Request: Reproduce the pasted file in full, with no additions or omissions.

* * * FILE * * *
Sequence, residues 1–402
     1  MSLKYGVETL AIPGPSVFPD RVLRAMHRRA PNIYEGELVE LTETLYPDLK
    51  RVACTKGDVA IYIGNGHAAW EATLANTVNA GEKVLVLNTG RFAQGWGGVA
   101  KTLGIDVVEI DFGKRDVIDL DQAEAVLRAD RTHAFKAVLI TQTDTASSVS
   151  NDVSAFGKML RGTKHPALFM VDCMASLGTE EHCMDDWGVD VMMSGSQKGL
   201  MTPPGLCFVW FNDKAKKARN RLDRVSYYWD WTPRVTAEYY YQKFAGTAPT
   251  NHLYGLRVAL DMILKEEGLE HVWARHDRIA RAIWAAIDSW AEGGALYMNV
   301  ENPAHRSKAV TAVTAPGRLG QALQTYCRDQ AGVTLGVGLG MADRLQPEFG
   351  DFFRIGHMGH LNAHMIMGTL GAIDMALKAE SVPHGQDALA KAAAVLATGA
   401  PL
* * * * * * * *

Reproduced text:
Sequence, residues 1–402
     1  MSLKYGVETL AIPGPSVFPD RVLRAMHRRA PNIYEGELVE LTETLYPDLK
    51  RVACTKGDVA IYIGNGHAAW EATLANTVNA GEKVLVLNTG RFAQGWGGVA
   101  KTLGIDVVEI DFGKRDVIDL DQAEAVLRAD RTHAFKAVLI TQTDTASSVS
   151  NDVSAFGKML RGTKHPALFM VDCMASLGTE EHCMDDWGVD VMMSGSQKGL
   201  MTPPGLCFVW FNDKAKKARN RLDRVSYYWD WTPRVTAEYY YQKFAGTAPT
   251  NHLYGLRVAL DMILKEEGLE HVWARHDRIA RAIWAAIDSW AEGGALYMNV
   301  ENPAHRSKAV TAVTAPGRLG QALQTYCRDQ AGVTLGVGLG MADRLQPEFG
   351  DFFRIGHMGH LNAHMIMGTL GAIDMALKAE SVPHGQDALA KAAAVLATGA
   401  PL